A Report by the American Academy of Ophthalmology Ophthalmic Technology Assessment Committee Cornea and Anterior Segment Disorders Panel: William J. Reinhart, MD1; David C. Musch, PhD, MPH2; Deborah S. Jacobs, MD3; W. Barry Lee, MD4; Stephen C. Kaufman, MD, PhD5; Roni M. Shtein, MD6
Ophthalmology, January 2011, Vol 118, 209-218 © 2011 by the American Academy of Ophthalmology. Click here for free access to the OTA.
Objective: To review the published literature on deep anterior lamellar keratoplasty (DALK) to compare DALK with penetrating keratoplasty (PK) for the outcomes of best spectacle-corrected visual acuity (BSCVA), refractive error, immune graft rejection, and graft survival.
Methods: Searches of the peer-reviewed literature were conducted in the PubMed and the Cochrane Library databases. The searches were limited to citations starting in 1997, and the most recent search was in May 2009. The searches yielded 1024 citations in English-language journals. The abstracts of these articles were reviewed, and 162 articles were selected for possible clinical relevance, of which 55 were determined to be relevant to the assessment objective.
Results: Eleven DALK/PK comparative studies (level II and level III evidence) were identified that compared the results of DALK and PK procedures directly; they included 481 DALK eyes and 501 PK eyes. Of those studies reporting vision and refractive data, there was no significant difference in BSCVA between the 2 groups in 9 of the studies. There was no significant difference in spheroequivalent refraction in 6 of the studies, nor was there a significant difference in postoperative astigmatism in 9 of the studies, although the range of astigmatism was often large for both groups. Endothelial cell density (ECD) stabilized within 6 months after surgery in DALK eyes. Endothelial cell density values were higher in the DALK groups in all studies at study completion, and, in general, the ECD differences between DALK and PK groups were significant at all time points at 6 months or longer after surgery for all of the studies reporting data.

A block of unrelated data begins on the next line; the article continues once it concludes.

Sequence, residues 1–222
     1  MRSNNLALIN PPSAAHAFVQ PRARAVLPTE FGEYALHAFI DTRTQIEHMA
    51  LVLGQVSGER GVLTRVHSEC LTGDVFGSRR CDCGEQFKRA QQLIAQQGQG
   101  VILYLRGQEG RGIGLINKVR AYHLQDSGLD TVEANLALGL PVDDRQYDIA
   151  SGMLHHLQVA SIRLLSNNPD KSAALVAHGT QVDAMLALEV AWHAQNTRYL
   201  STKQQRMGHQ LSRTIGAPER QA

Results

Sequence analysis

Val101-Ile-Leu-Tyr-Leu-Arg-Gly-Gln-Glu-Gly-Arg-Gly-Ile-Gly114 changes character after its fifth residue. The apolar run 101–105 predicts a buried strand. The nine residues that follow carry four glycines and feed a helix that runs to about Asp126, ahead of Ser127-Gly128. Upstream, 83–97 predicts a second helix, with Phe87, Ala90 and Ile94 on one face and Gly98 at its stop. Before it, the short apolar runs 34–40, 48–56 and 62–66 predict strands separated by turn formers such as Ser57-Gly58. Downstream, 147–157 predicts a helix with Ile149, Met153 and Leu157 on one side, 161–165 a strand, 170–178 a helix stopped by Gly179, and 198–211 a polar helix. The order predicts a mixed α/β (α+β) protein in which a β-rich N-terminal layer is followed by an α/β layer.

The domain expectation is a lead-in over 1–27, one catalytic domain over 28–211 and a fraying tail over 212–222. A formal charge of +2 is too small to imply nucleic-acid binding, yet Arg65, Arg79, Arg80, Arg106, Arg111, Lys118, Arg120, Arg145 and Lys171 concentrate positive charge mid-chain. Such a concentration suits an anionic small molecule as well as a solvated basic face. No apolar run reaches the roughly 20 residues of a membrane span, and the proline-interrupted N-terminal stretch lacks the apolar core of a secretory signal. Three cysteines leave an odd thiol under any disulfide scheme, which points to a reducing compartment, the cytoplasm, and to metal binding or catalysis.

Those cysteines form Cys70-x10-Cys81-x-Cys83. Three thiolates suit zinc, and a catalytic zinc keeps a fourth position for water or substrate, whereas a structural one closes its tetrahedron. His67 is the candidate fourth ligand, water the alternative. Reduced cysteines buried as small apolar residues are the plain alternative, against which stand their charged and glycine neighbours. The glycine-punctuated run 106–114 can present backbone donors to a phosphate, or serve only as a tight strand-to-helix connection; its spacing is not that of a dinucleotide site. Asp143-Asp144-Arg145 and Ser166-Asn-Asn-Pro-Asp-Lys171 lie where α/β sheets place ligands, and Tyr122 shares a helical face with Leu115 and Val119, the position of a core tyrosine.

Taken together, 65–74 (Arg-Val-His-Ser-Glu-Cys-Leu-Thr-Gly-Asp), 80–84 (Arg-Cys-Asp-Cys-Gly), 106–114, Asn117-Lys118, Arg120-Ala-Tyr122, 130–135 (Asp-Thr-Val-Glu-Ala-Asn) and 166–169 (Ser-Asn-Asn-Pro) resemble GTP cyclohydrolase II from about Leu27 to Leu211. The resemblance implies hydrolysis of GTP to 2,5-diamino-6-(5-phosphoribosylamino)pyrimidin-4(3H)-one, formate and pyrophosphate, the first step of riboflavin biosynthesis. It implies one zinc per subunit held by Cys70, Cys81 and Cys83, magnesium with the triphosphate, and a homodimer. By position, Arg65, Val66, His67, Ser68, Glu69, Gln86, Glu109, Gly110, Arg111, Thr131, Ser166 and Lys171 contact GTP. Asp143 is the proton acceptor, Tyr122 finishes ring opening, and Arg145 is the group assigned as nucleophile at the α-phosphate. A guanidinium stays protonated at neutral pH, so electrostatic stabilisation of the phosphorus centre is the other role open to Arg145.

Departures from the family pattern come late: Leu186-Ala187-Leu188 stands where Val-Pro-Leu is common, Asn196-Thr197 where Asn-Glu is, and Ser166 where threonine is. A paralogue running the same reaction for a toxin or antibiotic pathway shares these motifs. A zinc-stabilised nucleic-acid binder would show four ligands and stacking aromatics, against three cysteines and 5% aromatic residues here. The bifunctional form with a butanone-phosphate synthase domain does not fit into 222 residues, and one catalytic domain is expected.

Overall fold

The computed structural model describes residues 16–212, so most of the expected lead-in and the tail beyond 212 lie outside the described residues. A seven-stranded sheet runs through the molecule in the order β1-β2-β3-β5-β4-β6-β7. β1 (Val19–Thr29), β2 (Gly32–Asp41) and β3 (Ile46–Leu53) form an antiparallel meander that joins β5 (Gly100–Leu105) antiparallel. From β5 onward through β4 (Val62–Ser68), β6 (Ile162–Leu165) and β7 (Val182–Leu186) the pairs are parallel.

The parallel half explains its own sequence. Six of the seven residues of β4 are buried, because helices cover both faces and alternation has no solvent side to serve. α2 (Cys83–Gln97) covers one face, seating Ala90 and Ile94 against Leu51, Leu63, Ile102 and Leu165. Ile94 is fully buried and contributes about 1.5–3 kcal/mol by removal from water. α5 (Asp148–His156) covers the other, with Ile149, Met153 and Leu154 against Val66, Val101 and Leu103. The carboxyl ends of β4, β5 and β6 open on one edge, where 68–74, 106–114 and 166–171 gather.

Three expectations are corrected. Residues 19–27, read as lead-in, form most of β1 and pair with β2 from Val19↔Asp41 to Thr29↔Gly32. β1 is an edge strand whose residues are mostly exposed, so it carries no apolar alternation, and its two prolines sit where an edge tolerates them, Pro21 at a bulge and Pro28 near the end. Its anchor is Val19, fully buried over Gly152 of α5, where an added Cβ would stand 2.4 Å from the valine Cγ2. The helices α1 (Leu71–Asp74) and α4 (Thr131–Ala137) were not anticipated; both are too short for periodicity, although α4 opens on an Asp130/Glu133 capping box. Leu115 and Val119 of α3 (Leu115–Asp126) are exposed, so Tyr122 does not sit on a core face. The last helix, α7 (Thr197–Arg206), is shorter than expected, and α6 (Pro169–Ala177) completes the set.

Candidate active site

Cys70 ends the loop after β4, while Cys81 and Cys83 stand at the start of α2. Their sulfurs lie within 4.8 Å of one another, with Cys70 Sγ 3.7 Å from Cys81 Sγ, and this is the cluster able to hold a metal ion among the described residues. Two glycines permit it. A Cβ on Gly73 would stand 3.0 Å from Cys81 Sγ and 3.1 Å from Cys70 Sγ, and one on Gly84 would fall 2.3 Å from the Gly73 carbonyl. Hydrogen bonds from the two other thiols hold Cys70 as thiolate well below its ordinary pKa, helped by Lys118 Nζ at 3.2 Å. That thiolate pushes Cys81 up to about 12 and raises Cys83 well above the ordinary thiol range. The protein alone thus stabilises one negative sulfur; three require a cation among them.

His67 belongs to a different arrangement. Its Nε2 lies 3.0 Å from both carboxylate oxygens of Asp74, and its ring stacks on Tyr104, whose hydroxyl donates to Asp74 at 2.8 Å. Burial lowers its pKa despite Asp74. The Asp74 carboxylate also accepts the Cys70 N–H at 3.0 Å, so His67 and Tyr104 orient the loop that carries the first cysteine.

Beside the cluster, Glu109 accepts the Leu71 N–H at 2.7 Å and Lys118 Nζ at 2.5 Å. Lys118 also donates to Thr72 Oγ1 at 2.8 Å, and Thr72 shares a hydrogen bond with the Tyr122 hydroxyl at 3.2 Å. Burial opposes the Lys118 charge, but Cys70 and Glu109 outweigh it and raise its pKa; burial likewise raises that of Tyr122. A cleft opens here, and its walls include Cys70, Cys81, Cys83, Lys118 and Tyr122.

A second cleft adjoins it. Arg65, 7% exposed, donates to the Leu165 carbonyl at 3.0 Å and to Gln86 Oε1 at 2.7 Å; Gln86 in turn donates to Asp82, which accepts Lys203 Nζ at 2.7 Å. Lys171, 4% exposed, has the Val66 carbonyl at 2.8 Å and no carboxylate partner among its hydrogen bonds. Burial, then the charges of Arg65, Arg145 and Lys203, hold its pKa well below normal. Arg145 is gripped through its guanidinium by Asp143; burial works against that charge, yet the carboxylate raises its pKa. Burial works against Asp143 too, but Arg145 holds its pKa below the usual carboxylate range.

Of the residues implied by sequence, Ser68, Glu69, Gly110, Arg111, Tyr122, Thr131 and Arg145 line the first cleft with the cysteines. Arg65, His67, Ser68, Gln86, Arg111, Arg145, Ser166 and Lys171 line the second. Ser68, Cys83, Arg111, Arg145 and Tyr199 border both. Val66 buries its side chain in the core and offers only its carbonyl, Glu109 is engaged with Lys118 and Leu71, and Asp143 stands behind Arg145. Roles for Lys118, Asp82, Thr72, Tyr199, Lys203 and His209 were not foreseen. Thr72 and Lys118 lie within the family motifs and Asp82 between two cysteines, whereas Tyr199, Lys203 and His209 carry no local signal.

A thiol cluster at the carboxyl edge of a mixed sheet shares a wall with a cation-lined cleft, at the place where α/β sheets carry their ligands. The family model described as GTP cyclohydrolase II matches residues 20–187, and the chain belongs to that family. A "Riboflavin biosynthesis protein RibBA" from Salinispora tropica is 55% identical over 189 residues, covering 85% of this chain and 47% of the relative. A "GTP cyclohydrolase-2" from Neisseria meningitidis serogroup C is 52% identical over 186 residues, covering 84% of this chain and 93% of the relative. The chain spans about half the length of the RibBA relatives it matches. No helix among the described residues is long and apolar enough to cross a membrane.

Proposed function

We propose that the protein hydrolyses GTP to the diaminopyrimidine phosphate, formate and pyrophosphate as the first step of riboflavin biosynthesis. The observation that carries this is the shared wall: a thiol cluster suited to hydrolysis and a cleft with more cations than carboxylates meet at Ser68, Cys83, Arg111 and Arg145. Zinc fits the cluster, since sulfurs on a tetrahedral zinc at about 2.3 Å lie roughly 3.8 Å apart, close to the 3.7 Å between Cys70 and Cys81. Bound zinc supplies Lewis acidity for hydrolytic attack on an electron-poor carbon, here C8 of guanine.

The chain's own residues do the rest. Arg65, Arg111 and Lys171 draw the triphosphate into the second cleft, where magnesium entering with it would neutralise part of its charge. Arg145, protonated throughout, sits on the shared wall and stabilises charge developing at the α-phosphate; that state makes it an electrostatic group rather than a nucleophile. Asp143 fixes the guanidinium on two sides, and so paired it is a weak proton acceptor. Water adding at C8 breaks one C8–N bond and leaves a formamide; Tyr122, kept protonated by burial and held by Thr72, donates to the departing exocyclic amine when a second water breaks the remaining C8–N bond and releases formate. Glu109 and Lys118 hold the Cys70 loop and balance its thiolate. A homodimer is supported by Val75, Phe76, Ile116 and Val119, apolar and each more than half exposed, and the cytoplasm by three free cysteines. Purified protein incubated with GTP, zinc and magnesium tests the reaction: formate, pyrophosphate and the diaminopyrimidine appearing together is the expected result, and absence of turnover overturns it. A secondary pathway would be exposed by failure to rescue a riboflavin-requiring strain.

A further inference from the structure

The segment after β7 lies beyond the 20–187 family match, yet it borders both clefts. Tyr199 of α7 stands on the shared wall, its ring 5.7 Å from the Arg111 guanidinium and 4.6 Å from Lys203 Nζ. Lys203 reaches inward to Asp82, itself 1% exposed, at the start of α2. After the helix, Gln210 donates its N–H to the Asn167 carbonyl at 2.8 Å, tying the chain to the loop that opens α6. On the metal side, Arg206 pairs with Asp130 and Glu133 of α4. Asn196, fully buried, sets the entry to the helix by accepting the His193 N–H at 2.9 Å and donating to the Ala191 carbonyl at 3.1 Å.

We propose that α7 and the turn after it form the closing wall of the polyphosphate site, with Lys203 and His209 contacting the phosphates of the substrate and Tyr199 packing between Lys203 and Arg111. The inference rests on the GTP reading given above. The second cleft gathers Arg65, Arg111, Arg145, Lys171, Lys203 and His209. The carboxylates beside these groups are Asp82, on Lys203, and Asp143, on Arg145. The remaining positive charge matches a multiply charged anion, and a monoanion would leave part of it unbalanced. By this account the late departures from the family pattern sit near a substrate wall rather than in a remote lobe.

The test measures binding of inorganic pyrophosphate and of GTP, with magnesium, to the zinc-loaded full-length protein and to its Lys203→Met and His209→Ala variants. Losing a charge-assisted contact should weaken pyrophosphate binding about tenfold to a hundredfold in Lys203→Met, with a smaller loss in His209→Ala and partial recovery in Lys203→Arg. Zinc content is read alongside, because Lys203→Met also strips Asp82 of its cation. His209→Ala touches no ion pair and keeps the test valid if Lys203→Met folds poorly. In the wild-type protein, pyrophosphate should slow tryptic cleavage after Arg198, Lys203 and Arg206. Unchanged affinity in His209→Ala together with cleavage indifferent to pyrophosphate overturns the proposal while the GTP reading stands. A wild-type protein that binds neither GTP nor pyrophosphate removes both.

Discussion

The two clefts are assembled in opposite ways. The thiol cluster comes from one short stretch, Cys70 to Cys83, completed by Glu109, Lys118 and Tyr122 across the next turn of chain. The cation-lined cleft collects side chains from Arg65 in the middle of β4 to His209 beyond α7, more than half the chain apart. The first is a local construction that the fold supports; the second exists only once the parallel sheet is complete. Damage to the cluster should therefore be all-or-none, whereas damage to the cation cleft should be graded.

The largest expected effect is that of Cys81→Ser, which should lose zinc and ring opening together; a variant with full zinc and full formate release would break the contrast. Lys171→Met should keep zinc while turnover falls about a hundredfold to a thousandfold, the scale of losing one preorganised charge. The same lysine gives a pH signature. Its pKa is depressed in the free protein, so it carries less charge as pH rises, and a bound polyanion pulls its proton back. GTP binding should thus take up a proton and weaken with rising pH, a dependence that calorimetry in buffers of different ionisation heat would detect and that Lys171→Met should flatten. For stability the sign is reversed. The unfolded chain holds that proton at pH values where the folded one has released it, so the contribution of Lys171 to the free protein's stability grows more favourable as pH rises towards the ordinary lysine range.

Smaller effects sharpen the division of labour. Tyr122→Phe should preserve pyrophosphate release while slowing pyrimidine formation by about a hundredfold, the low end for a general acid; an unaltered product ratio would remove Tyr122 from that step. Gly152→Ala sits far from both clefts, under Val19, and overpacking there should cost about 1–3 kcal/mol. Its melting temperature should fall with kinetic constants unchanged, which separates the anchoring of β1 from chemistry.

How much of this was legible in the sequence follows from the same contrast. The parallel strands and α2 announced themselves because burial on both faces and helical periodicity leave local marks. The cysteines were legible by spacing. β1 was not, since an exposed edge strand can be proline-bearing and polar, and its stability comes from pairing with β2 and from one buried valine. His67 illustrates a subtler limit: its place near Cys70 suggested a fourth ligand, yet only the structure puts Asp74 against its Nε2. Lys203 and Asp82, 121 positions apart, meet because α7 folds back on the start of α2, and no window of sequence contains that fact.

Conclusions: On the basis of level II evidence in 1 study and level III evidence in 10 studies, DALK is equivalent to PK for the outcome measure of BSCVA, particularly if the surgical technique yields minimal residual host stromal thickness. There is no advantage to DALK for refractive error outcomes. Although improved graft survival in DALK has yet to be demonstrated, postoperative data indicate that DALK is superior to PK for preservation of ECD. Endothelial immune graft rejection cannot occur after DALK, which may simplify long-term management of DALK eyes compared with PK eyes. As an extraocular procedure, DALK has important theoretical safety advantages, and it is a good option for visual rehabilitation of corneal disease in patients whose endothelium is not compromised.
1Department of Ophthalmology, Case Western Reserve University, Cleveland, Ohio
2Departments of Ophthalmology and Epidemiology, University of Michigan Kellogg Eye Center, Ann Arbor, Michigan
3Boston Foundation for Sight, Needham, Massachusetts
4Piedmont Hospital and Eye Consultants of Atlanta, Atlanta, Georgia
5Department of Ophthalmology, University of Minnesota, Minneapolis, Minnesota
6Department of Ophthalmology and Visual Sciences, University of Michigan, Ann Arbor, Michigan